Harry’s problem is that he cannot bring himself to ask Pat for a divorce, because he still cares for her and cannot bear the idea of her suffering. So, at every opportunity, Harry slips away to spend time with Kay, all the while telling Pat that he is working late or going on a business trip. Richard, in the meantime, begins to insinuate himself into Kay’s life by visiting her and taking her out whenever Harry cannot be with her. At the same time, Richard realizes that the only way he can win Kay for himself is to make sure that Harry and Pat never split up. However, his plans hit a snag when he goes to see Harry and Pat at their cabin in the woods one weekend and discovers that all is not quite as he has believed.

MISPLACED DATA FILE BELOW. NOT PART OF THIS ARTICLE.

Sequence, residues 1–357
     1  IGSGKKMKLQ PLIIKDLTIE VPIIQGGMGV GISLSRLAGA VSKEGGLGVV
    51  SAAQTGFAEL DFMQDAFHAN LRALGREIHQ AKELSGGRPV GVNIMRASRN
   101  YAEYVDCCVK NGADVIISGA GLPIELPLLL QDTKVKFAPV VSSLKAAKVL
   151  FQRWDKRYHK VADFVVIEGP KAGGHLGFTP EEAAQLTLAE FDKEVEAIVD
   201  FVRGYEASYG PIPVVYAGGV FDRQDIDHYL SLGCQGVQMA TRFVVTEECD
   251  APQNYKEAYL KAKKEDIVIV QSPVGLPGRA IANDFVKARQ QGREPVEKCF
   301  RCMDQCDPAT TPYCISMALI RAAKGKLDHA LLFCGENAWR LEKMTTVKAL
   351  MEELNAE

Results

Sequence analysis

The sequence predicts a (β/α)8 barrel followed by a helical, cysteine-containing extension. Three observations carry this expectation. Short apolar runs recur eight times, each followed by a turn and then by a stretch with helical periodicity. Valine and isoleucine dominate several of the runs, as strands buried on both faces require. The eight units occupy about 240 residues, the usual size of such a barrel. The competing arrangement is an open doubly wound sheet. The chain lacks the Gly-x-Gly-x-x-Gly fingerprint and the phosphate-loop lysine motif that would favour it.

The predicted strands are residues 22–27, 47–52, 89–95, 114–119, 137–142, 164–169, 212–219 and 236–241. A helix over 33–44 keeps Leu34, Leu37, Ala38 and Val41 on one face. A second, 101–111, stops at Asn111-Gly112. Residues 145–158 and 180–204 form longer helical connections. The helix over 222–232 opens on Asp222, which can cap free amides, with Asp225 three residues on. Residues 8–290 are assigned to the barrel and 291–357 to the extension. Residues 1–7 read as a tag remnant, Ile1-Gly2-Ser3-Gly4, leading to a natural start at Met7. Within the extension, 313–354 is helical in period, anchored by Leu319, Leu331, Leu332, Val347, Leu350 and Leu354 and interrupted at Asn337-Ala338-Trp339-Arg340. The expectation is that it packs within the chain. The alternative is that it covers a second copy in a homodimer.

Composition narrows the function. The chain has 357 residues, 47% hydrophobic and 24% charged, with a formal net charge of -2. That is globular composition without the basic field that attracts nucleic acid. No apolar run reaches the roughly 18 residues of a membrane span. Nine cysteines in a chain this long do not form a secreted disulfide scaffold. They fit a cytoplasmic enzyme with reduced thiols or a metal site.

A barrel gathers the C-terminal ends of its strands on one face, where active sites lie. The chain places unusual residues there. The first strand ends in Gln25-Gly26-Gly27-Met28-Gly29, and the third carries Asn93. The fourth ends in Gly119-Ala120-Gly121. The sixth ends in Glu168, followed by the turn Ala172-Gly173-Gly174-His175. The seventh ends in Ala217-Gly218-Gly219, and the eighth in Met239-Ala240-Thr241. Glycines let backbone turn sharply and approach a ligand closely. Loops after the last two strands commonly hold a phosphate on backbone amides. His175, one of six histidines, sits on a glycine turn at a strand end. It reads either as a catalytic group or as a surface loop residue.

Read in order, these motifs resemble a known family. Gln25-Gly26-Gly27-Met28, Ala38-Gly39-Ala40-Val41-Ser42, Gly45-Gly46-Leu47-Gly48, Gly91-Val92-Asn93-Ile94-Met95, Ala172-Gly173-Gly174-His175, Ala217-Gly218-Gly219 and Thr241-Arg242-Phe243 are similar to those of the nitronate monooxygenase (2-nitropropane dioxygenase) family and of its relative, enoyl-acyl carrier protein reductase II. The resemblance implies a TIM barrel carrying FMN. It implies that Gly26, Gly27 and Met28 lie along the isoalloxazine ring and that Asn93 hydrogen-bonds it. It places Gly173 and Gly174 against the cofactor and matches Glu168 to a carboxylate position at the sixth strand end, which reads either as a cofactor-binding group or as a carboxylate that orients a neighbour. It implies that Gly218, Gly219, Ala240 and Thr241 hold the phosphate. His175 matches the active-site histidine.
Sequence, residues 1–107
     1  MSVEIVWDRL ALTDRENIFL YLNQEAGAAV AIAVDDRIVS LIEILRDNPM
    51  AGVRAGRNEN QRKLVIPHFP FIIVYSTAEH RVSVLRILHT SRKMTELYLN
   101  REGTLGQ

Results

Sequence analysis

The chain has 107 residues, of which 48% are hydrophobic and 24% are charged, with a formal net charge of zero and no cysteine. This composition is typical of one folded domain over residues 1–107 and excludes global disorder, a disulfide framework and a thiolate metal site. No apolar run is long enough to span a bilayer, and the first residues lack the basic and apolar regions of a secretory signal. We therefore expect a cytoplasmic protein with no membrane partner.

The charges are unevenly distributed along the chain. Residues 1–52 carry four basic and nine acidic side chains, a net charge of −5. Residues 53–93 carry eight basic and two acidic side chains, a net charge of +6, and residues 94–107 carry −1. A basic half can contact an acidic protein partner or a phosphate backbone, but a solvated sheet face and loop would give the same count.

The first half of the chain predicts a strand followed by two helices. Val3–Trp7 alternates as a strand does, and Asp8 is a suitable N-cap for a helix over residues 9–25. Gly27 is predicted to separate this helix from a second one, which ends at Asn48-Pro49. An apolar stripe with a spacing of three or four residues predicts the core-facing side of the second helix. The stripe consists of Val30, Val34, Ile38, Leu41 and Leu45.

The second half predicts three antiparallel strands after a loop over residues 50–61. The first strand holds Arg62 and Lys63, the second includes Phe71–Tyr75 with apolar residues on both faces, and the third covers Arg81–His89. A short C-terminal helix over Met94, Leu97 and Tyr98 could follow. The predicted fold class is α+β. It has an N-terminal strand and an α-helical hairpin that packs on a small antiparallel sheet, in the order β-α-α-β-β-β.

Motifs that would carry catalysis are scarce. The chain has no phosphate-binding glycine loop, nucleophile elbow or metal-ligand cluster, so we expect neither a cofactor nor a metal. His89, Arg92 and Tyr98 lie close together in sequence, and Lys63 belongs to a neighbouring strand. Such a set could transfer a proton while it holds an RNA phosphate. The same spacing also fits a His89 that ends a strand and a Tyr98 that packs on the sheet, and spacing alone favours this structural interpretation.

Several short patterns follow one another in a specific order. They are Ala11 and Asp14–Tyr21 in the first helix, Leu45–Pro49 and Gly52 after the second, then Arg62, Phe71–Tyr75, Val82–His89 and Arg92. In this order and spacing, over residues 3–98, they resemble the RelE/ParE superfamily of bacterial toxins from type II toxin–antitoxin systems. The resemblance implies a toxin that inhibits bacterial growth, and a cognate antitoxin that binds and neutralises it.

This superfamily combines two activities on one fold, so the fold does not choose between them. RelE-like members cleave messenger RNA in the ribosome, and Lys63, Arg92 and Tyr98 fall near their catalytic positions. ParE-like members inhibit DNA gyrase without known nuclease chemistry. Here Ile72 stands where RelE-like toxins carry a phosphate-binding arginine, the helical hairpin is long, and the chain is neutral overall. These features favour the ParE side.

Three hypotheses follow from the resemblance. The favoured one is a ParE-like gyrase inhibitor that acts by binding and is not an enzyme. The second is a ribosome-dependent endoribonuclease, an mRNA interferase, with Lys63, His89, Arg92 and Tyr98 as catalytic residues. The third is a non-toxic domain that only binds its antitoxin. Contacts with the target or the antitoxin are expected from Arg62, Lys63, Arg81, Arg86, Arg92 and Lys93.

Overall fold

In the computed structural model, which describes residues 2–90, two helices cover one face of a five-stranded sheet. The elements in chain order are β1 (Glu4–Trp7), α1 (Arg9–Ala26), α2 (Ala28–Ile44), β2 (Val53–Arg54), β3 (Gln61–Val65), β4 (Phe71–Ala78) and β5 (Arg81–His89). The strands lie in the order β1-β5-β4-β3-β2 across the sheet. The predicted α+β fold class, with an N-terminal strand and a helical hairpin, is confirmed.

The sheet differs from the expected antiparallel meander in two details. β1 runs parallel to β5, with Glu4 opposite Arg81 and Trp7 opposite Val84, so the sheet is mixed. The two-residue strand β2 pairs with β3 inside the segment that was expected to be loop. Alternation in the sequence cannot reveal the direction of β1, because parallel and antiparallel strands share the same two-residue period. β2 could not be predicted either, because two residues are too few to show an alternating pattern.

Harry, oblivious to the moves which Richard is making on Kay, decides that the only way to uncomplicate his life is to painlessly poison Pat. She is, after all, totally devoted to him, so how could he make her endure the rejection of a divorce? At this point the noirish elements of Married Life kick in. It turns out that the relationship between Harry and Pat is not all that it seems and Harry’s plot to kill Pat runs into unanticipated obstacles. Richard, meanwhile, continues to woo Kay and tries to keep Harry and Pat together while he has no inkling about Harry’s homicidal intentions.
There is much to like about Married Life, not the least of which is the wonderful performances by the four lead actors. Pierce Brosnan’s post-Bond period has shown him to be a fine actor, and Chris Cooper is superb as a conflicted man who seems to exude decency even as he is planning to kill his wife. Rachel McAdams is very good as the lonely and somewhat naïve Kay and Patricia Clarkson steals the show with her multi-layered depiction of Pat. Brosnan’s character also moves the story along with incisive narration.